Having an employee arrive late a time or two is not typically a problem, but when it becomes chronic, that employee's tardiness can affect your entire team. If you're dealing with this at your workplace, it's time to nip the problem in the bud. You'll need to take action with current employees, but also consider how you're going to handle tardiness as you move forward.
What Does Your Policy Say?
First, determine whether your workplace has a tardiness and attendance policy. Some businesses don't, and that can lead to miscommunication about expectations. If your business doesn't have a written policy, it's time to make one. According to federal law, your business is allowed to set its own attendance policies. A policy in which employees are fired on the first tardy offense is probably not going to go over well with employees, though some companies do force employees to use personal time hours when they're late. In any case, your policy should probably build in a few flubs. Your policy might allow one or two tardy days before there will be a conversation with the employee, for example. After that, you might issue a written warning or create a corrective action plan, followed by punitive action such as docked pay or termination.
Review the Expectations
When you hire someone or create a policy, review the expectations around tardiness and attendance. Hiring managers say they've had the most success in getting people to work on time when they've reviewed the tardiness policy with each employee. They've also been clear upon hiring that tardiness is not tolerated.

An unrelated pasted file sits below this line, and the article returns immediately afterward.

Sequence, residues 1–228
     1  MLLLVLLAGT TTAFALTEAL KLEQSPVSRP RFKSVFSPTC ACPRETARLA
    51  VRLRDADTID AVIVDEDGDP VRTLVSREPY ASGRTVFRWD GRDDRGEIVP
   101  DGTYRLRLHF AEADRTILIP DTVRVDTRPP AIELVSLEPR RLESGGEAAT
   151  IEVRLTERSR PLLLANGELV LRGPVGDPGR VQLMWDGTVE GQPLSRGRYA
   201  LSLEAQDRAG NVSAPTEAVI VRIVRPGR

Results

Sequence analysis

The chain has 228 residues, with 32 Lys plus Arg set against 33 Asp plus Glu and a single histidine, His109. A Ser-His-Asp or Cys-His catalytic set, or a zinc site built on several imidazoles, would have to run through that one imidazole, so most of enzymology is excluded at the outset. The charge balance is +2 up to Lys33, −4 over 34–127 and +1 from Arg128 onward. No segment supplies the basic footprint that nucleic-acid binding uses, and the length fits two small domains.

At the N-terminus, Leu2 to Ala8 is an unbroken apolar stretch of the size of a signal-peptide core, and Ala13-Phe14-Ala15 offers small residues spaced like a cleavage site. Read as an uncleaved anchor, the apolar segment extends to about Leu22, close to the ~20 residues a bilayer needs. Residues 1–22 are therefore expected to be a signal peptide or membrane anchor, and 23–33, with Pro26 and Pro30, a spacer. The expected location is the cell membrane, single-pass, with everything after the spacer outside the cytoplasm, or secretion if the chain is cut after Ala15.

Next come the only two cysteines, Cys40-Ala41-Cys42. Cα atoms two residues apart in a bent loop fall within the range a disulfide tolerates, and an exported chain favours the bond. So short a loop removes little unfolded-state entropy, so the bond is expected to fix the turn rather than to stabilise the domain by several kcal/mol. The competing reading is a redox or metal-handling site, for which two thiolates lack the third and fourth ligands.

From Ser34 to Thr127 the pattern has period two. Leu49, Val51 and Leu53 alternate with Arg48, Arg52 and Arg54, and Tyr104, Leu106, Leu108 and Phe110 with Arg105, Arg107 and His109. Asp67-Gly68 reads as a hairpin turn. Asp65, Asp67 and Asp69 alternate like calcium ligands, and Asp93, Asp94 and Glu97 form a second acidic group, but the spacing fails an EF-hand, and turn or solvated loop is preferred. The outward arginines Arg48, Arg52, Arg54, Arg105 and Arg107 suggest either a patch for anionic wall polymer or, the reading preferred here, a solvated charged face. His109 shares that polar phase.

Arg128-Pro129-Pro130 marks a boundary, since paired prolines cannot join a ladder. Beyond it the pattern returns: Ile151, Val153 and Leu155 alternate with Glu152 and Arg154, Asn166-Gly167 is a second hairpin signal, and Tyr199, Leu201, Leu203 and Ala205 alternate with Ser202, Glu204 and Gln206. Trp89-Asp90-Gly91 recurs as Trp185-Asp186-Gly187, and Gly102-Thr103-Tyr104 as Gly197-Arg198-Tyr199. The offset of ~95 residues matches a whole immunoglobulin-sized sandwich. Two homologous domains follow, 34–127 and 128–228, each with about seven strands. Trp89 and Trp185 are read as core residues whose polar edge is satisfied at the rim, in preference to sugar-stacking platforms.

Employ the Policies
With a solid policy in place and with all employees informed of it, it's time for enforcement. Generally, that starts with having a conversation with the employee after the first or second late arrival. Adopt a compassionate attitude as you talk with the employee, and try to find out the cause of the problem. In some cases, you may find out that the employee is having child care conflicts or has other time constraints. If that's the case, discuss with the employee what you might do to solve the problem. You might suggest a later starting time or rearrange the employee's duties to accommodate her, for example.
As you're going through the steps with a tardy employee, be sure to "document, document, document," reminds Tempe, Arizona-based staffing firm PrideStaff. When you have a conversation with an employee or employ your tardiness policy, make a note in the employee's file about the nature of the conversation. This helps you stay in compliance with workplace policies and applicable local, state and federal laws. With that in mind, it's also important to document each instance of employee tardiness in the employee's file.